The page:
8. An apparatus for purifying water comprising in combination a conduit for said water,

means for introducing gas to the water within said conduit, a tank connected to said conduit, anascending conduit having its lower end within said tank, rotatable means within said ascending conduit adapted to reduce the acceleration of I movement of ascending gas charged particles, a

separating tank into which the top-end of said ascending conduit opens, means for continuously 7 -withdrawing particles floatedto water surface in said separating tank and means for removing the clear liquid from said separating tank.

means, a valve controlled opening in said tank ADOLF MAGNUS RUPERT KARIS'I'RM.

Referenced by
Citing PatentFiling datePublication dateApplicantTitle
US2440514 *Nov 16, 1944Apr 27, 1948Karlstrom Adolf Magnus RupertProcess for the purification of raw water from colloidal humic substances
US2446655 *Oct 6, 1945Aug 10, 1948Deepwater Chemical Co LtdMethod and apparatus for clarifying alkaline well waters
US2483710 *Aug 17, 1944Oct 4, 1949Standard Brands IncApparatus for bleaching fatty substances
US2518814 *Jan 30, 1945Aug 15, 1950Leje & Thurne AktiebolagMethod and means for the separation of fibers suspended in a liquid
US2695710 *Oct 12, 1949Nov 30, 1954F S Gibbs IncFlotation and clarification apparatus
US2725985 *Apr 6, 1953Dec 6, 1955Monsanto ChemicalsFlotation of carbon black
US2729334 *Oct 27, 1951Jan 3, 1956Zschimmer & SchwarzPurification of paper mill white water by froth flotation
US2742422 *Nov 2, 1951Apr 17, 1956Coleman Spencer AApparatus for resolving highly stable suspensions
US2742423 *Jan 10, 1955Apr 17, 1956Arthur W SaddingtonMethod of clarifying crude solutions of alginates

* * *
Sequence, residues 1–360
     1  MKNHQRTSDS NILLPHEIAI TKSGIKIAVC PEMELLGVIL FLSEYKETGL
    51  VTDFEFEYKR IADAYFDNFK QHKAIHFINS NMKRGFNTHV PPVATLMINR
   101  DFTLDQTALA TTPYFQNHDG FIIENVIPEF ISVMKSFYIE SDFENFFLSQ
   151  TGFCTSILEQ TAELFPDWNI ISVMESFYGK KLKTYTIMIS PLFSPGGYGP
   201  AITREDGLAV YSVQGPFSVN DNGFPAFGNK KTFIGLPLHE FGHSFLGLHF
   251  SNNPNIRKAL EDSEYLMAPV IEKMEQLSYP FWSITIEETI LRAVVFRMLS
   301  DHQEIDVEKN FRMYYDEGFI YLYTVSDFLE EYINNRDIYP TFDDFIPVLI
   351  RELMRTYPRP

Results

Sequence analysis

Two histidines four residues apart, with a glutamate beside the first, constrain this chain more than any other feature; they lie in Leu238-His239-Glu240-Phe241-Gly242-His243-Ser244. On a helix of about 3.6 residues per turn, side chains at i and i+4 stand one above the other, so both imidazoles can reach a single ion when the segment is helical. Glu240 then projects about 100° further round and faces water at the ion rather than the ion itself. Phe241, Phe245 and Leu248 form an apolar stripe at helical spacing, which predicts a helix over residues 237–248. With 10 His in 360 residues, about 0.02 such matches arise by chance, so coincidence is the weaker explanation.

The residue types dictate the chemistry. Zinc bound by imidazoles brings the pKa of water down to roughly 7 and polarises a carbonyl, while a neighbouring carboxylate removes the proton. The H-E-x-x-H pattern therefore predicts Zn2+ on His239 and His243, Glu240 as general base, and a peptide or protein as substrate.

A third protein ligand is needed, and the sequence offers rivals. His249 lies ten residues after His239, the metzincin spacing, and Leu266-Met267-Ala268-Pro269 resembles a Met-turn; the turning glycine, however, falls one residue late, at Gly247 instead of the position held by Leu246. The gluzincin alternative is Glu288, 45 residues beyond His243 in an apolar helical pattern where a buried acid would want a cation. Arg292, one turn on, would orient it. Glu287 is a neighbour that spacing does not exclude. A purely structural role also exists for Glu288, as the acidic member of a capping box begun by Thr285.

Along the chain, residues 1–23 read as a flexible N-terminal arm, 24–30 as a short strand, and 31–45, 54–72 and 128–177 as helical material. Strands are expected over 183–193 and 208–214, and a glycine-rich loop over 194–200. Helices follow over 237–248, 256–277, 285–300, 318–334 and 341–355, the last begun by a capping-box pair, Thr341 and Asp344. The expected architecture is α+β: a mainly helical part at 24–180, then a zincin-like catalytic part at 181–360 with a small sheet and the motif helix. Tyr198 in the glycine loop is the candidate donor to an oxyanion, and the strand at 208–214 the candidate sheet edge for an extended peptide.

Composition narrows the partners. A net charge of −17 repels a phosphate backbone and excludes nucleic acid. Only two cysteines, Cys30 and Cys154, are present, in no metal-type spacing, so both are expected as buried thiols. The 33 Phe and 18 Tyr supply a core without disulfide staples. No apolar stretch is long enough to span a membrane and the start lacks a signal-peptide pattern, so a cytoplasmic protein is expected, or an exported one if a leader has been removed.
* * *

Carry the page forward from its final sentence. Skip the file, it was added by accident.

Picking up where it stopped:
US2746605 *Mar 13, 1952May 22, 1956Robert A BaumTreatment of liquids by means of dissolved gases
US2765919 *Apr 23, 1952Oct 9, 1956Fredrik JuellProcess for the separation of suspended material from water by flotation and apparatus therefor
US2780361 *Nov 13, 1952Feb 5, 1957Infilco IncScum skimmer
US2876863 *Jul 26, 1954Mar 10, 1959Process Engineers IncTreatment of aqueous wastes containing hydrocarbons
US3175687 *Sep 24, 1962Mar 30, 1965Komline Sanderson Eng CorpFlotation unit
US3642617 *Jan 29, 1970Feb 15, 1972Fmc CorpFoam flotation concentrator
US3994943 *Dec 30, 1974Nov 30, 1976Hunt-Wesson Foods, Inc.Dewaxing of vegetable oils
US4157952 *Mar 24, 1978Jun 12, 1979Lenox Institute For ResearchApparatus for deinking waste paper pulp
US4198914 *Jun 7, 1978Apr 22, 1980Regie Nationale Des Usines RenaultInstallation for treatment of sediments coming from stations for purification of industrial waste water
US4613430 *Dec 10, 1984Sep 23, 1986Miller Francis GMultiple zones; single sluary pump; changing flow direction
US5242585 *Sep 4, 1991Sep 7, 1993Lenox Institute For Research, Inc.Apparatus and method for deinking waste paper pulp
US5310459 *Jun 2, 1993May 10, 1994Lenox Institute For Research, Inc.Apparatus and method for deinking waste paper pulp
DE2904619A1 *Feb 7, 1979Sep 27, 1979Lenox Inst ResVorrichtung zum entfaerben von abfallpapierpulpe
Classifications
U.S. Classification210/205, 210/262, 210/523, 110/238
International ClassificationB03D1/14, C02F1/24
Cooperative ClassificationB03D1/14, C02F1/24
European ClassificationC02F1/24, B03D1/14